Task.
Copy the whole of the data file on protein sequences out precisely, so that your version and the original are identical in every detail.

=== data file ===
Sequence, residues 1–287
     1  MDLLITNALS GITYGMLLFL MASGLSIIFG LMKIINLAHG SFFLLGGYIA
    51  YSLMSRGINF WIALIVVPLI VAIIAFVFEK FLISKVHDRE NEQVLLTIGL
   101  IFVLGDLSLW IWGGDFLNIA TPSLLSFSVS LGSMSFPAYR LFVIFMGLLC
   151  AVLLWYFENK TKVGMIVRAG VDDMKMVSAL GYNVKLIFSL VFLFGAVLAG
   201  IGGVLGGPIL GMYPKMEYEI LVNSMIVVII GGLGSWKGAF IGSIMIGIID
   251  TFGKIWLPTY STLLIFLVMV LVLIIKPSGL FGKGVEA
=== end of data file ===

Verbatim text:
Sequence, residues 1–287
     1  MDLLITNALS GITYGMLLFL MASGLSIIFG LMKIINLAHG SFFLLGGYIA
    51  YSLMSRGINF WIALIVVPLI VAIIAFVFEK FLISKVHDRE NEQVLLTIGL
   101  IFVLGDLSLW IWGGDFLNIA TPSLLSFSVS LGSMSFPAYR LFVIFMGLLC
   151  AVLLWYFENK TKVGMIVRAG VDDMKMVSAL GYNVKLIFSL VFLFGAVLAG
   201  IGGVLGGPIL GMYPKMEYEI LVNSMIVVII GGLGSWKGAF IGSIMIGIID
   251  TFGKIWLPTY STLLIFLVMV LVLIIKPSGL FGKGVEA